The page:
Rival says 2014 Olympics will be ‘the only time’ he’ll cheer for Roberto Luongo

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Milan Lucic’s Boston Bruins engaged in a bitter 2011 Stanley Final with Roberto Luongo’s Vancouver Canucks, but the bruising forward will put that aside and root for the veteran ice hockey goalie to help Canada win back-to-back gold medals.

As Lucic told CSNNE.com, pride in his country trumps that still-memorable seven-game championship series.

In fact, in admitting so, it seemed like the 25-year-old winger also acknowledged some begrudging respect for Luongo, stating that he believes “too many people point the finger” at the 34-year-old netminder.

“He’s managed to keep his game at a high level, and he’s on the Olympic team,” Lucic said. “He’s still one of the best goaltenders in the league. It shows a lot about his character. I wish him all the best in Sochi. I’m Canadian, right? It’s the only time I’ll cheer for him.”

Despite tending net in the very city where he won Olympic gold, Luongo is often a lightning rod for criticism as Vancouver aches for a Stanley Cup. Nonetheless, he remains one of the most consistent goalies in the NHL, something that Lucic recognizes.

For NHL players heading to Sochi, it might feel strange to pump your fists when a divisional foe scores a historic goal and to slink down at least a little bit when a teammate and friend wins, but that’s also part of what makes the NHL’s participation in the Olympics so special.

And, yes, a little weird.

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Jamie Greubel Poser, husband get matching golds in Park City

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PARK CITY, Utah (AP) — Jamie Greubel Poser got the bounce-back race she wanted, and husband Christian Poser got another gold medal for the family collection.

Greubel Poser teamed with Lauren Gibbs to win a World Cup bobsled race for the U.S. on Friday night at the Utah Olympic Park, her sixth victory on the circuit and the 18th medal in her last 22 starts.

Later, German Nico Walther — with Poser as one of his pushers — won the first four-man race of the season.

Greubel Poser finished her two runs on the 2002 Olympic track in 1 minute, 40.72 seconds.

Kaillie Humphries and Melissa Lotholz of Canada were second in 1:40.82, while Elana Meyers Taylor and Lolo Jones of the U.S. rode the strength of two strong starts to finish third in 1:40.99.

RESULTS: Men | Women

Including the Sochi Olympics, it was the 13th time that Greubel Poser, Humphries and Meyers Taylor — the world’s top three drivers — swept the podium spots in an international race.

Walther was with Poser, Kevin Kuske and Eric Franke for the four-man win, hanging on to finish in 1:36.80.

It was barely good enough to hold off a huge rally from Canada’s Justin Kripps and his team of Lascelles Brown, Ben Coakwell and Neville Wright. Kripps’ sled was second in 1:36.83, nearly stealing the win after being only 10th in the first heat.

Canada also got bronze in the four-man, with Chris Spring driving along with pushers Jesse Lumsden, Alex Kopacz and Oluseyi Smith and finishing in 1:36.86.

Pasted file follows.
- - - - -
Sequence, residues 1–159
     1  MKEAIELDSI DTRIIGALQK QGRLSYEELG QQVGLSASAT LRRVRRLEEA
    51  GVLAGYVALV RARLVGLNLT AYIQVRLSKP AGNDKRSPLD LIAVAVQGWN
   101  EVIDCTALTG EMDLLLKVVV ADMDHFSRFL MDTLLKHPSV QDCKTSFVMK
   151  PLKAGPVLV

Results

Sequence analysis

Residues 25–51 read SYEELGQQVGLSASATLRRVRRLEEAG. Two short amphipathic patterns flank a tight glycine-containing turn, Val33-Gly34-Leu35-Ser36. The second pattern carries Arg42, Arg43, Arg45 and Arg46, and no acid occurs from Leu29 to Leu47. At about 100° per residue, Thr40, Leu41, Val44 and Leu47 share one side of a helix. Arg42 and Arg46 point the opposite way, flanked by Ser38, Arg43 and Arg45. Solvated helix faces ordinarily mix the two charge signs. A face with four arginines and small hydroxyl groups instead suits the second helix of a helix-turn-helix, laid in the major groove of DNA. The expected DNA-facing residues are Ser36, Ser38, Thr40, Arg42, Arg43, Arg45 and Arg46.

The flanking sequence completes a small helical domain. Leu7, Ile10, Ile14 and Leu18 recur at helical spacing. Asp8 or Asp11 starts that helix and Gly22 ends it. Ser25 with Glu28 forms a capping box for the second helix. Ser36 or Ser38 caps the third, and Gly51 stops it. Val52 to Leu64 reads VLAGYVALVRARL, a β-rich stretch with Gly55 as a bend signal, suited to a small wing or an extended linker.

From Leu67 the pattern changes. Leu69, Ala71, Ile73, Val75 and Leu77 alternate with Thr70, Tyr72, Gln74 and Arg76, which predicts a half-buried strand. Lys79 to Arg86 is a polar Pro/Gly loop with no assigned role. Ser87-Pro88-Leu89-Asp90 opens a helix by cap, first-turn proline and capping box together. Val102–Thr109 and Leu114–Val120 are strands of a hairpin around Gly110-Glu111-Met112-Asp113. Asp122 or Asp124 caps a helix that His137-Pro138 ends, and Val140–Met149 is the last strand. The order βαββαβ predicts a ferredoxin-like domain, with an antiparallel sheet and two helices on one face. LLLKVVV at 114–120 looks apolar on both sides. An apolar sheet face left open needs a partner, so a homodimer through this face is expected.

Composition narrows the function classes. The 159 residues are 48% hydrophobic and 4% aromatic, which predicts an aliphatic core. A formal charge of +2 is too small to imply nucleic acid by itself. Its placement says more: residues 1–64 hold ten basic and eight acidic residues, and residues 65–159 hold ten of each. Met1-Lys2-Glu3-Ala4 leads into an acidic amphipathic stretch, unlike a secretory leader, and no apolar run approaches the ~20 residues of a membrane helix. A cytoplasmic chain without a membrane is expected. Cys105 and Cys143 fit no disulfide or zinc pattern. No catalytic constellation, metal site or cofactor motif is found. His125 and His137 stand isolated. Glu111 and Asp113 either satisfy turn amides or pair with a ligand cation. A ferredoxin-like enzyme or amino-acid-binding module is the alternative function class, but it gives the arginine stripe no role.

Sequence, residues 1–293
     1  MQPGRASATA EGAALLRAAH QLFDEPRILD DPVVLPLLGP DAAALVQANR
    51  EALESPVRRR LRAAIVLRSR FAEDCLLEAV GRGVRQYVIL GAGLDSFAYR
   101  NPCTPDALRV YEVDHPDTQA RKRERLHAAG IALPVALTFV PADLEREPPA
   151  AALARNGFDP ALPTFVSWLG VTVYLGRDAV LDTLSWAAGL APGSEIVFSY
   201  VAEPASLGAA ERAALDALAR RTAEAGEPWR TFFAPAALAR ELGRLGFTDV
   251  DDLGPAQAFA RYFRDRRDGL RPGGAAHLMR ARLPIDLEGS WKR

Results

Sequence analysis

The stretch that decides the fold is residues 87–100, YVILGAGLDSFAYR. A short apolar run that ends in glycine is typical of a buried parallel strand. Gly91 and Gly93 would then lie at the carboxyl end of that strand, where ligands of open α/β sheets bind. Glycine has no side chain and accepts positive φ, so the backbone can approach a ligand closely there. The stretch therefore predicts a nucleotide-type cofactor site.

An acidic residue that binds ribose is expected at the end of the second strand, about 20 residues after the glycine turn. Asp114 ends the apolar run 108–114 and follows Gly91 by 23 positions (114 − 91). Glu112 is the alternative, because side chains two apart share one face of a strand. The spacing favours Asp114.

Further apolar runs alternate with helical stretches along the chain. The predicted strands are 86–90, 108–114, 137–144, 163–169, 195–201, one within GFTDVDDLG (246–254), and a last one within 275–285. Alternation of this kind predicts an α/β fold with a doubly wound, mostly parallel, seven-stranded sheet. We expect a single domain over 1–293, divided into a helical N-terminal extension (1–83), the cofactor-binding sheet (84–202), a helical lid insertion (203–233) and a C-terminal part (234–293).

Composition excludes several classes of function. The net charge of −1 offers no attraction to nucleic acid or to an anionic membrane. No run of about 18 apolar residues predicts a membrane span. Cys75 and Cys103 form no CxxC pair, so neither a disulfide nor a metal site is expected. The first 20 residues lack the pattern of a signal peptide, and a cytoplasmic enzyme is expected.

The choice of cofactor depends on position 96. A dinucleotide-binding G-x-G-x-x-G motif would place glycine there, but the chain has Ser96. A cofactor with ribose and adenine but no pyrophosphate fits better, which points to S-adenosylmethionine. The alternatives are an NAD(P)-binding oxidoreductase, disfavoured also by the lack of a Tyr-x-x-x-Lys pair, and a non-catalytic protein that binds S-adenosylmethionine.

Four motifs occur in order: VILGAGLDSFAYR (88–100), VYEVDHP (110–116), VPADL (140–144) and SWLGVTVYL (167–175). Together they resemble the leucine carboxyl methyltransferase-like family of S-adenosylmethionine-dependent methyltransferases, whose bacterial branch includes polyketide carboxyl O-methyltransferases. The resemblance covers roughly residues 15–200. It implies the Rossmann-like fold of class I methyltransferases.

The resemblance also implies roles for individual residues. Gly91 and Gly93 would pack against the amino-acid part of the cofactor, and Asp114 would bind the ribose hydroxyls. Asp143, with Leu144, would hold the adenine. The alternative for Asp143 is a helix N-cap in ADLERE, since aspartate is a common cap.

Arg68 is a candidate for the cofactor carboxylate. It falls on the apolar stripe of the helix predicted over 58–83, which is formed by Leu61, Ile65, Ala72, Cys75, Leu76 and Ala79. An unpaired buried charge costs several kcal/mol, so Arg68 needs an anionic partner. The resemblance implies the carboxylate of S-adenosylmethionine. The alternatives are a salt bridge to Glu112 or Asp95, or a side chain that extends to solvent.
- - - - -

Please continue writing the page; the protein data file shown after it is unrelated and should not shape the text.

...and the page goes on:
The top U.S. finisher in four-man was Codie Bascue, who was seventh.

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Gracie Gold to miss U.S. Championships, Olympics

Gracie Gold
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Figure skater Gracie Gold will miss the rest of the season — including the Olympics — as she continues to undergo treatment for an eating disorder, depression and anxiety.

“I have not had adequate training time in order to perform at the level at which I want to,” Gold said in a statement Friday. “It pains me to not compete in this Olympic season, but I know it’s for the best. I wish everyone the best of luck and will be cheering you all on. I want to thank everyone for the ongoing love and support. It means the world to me.”

Gold, a Sochi Olympic team bronze medalist and two-time U.S. champion, announced Sept. 1 that she was taking time away from figure skating to seek unspecified professional help.

On Oct. 13, she announced she was in treatment for an eating disorder, depression and anxiety and would skip the fall Grand Prix season.

The 22-year-old last competed at the U.S. Championships in January, placing a disastrous sixth.

Gold, the top American woman at the Sochi Olympics in fourth place, has not been the same skater since dropping from first after the 2016 World Championships short program to finish fourth, again just missing her first individual global medal.

She considered skipping the fall 2016 Grand Prix season, talking openly about physical struggles and even depression in that offseason.

She split from coach Frank Carroll after that sixth-place nationals. Gold then announced in February that she moved to Michigan to train under new coaches Marina Zoueva and Oleg Epstein.

Then on Sept. 1, Gold announced she was taking a leave.

“My passion for skating and training remains strong,” Gold said in the reported Sept. 1 statement. “However, after recent struggles on and off the ice, I realize I need to seek some professional help and will be taking some time off while preparing for my Grand Prix assignments. This time will help me become a stronger person, which I believe will be reflected in my skating performances as well.”

The favorites for three U.S. Olympic women’s spots are 2014 Olympian Ashley Wagner, 2010 Olympian Mirai Nagasu, reigning U.S. champion Karen Chen and U.S. bronze medalist Mariah Bell.

The Olympic team will be named after nationals in San Jose in January.

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